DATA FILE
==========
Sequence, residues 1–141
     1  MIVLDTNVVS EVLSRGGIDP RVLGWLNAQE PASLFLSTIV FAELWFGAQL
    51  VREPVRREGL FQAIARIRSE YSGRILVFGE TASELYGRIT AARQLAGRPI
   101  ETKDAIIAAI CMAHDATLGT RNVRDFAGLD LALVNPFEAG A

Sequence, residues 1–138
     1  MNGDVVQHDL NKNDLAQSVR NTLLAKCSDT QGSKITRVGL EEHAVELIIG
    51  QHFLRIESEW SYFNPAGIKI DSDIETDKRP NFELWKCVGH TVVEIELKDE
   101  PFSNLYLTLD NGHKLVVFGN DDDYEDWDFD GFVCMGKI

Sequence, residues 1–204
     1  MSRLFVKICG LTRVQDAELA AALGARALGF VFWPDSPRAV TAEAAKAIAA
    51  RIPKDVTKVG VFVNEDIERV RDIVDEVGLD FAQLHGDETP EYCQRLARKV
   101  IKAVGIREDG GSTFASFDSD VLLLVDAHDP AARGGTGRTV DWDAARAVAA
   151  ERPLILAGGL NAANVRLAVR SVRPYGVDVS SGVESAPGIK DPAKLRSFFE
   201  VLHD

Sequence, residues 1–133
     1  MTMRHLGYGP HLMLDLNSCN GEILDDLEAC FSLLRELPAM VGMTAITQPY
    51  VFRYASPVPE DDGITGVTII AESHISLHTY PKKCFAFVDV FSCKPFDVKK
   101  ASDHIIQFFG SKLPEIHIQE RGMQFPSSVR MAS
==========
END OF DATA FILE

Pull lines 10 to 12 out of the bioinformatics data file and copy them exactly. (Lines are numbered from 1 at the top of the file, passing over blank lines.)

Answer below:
     1  MSRLFVKICG LTRVQDAELA AALGARALGF VFWPDSPRAV TAEAAKAIAA
    51  RIPKDVTKVG VFVNEDIERV RDIVDEVGLD FAQLHGDETP EYCQRLARKV
   101  IKAVGIREDG GSTFASFDSD VLLLVDAHDP AARGGTGRTV DWDAARAVAA